A Taste for Antiquity

sapphire ring

Sapphire ring, 10th-11th century, Anglo-Saxon

I suppose I’ve been interested in antiquity all my life. Curious about ancient civilizations, I went to museums and pored over books in my mother’s extensive library. My love of jewelry has also been life-long, but it took a ring — this ring, in fact — to put the two together, in my mind. (Let’s get together, yah yah yah…)

I first heard of it in 2011, and was immediately taken by the design, the beautiful sapphire, the fine gold-work. I wanted to own it, I wanted to wear it. And if I couldn’t own it or wear it, I wanted to own and wear a replica of it.

(Interestingly, they’re having trouble dating the ring. They called in experts to discuss it in January, and came to a few new conclusions: it may be older than originally thought, it might have belonged to royalty. I think I love it the more for being mysterious!)

Ring; Western European, gold set with a cabochon sapphire, circa 1300-1400

Ring; Western European, gold set with a cabochon sapphire, circa 1300-1400

The more I thought about it, the more I realized how lovely these ancient jewelry pieces are. The simplicity of this ring to your left, the interesting shape (designed around the stone), has a charm all its own. Call it “primitive” if you will, but I call it elegant.

There’s a gravity to ancient objects. They feel old. They’re not like modern jewelry, or even antique jewelry — and I’m not speaking of the technical skills required to make them, it’s not that. It’s an honesty about them. They are what they are. And I’m attracted to ruins, and ancient places; that sense of “old”, that feeling of deep history.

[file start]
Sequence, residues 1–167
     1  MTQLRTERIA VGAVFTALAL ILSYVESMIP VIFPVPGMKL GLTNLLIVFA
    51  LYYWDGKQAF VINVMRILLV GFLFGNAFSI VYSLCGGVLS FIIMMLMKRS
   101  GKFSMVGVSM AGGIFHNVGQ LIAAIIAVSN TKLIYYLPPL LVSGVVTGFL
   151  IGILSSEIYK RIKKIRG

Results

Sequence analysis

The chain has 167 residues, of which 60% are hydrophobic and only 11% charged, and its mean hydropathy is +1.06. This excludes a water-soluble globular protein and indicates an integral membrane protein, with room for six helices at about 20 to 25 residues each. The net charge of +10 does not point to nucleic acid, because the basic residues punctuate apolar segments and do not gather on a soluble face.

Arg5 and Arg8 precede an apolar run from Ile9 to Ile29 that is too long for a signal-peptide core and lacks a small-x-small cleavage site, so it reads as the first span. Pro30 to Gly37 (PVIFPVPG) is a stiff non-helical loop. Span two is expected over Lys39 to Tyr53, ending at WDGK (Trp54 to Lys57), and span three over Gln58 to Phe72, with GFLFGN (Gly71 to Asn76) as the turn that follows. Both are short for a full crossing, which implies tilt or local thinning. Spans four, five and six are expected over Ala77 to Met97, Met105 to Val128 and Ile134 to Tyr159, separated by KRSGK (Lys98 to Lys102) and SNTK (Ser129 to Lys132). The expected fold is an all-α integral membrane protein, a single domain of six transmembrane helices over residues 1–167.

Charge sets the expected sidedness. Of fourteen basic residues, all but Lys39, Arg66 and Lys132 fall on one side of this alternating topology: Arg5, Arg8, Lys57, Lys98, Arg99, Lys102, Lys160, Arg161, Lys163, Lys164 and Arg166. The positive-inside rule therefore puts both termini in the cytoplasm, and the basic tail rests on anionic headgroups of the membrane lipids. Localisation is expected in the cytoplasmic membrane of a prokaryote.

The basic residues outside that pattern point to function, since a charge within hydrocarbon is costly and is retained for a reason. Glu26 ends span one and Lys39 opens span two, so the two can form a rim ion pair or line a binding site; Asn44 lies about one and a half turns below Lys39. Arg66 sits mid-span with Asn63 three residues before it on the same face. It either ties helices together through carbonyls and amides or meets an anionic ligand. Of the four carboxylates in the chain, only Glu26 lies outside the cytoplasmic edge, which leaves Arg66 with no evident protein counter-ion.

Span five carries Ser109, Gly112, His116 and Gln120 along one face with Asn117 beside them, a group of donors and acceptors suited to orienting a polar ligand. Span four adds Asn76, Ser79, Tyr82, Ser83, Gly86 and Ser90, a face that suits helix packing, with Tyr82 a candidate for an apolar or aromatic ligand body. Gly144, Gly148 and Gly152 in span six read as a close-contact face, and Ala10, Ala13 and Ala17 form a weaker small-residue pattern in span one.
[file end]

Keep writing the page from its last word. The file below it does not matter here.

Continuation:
And so, here I am with a new blog, celebrating old jewelry.

I have nothing against modern jewelry — or modern fashion for that matter — but rather than join all the other people (online and off) trying to predict the “new” thing or the “next” thing, I’d rather bring your attention to the “old” thing. Forget the Spring 2013 Pantone colors. Let me show you these fabulous pieces of antiquity.

Trust me, this stuff never goes out of style. I hope you’ll join me!


  1. Michael Zilles says:


    I share your particular enthusiasm about this piece of history. I’ve read about the dissussions belonging to this ring an there it had been mentioned a replica of this ring to understand the distinct process of crafting the jewel. I was not able to obtain the source or the name of the modern artisan. Please let me know if you have been so lucky to actually get an replica, I would appreciate to get one of my own.

    Kind regards,

    Michael Zilles

    • Hi Michael, thanks for stopping by! The replica was made by The Little Diamond Shop in York, owned by Ogden of Harrogate, a family of jewelers (now into the fifth generation.) The founder was a renowned historian, who was named ‘Advising Goldsmith to the British Museum’ in 1932, aiding in restoration, so I think there’s probably a strong taste for antiquity running in the family. I’ve met Jack Ogden, one of the world’s foremost experts in ancient jewelry, and you should definitely check out his books.

      Anyway, a replica of this ring is out of my reach (probably until I can make one of my own, har har.) Let me know if you find anything out about getting your own!


  2. I love your blog (and I loved Silver Rockets, too!) – did you ever make a replica of the Anglo-Saxon sapphire ring? I don’t buy a lot of jewelry, but I have to say, that is something I would consider :))

    Keep up the beautiful work!

    • Hi Amelia! I haven’t made one yet, no — I’m years away from that level of skill, I think. Still, it’s something to shoot for! I’d like to make it, and lots more besides. Someday I will!

      Thanks for stopping by, and I’m glad you enjoyed Silver Rockets! 😀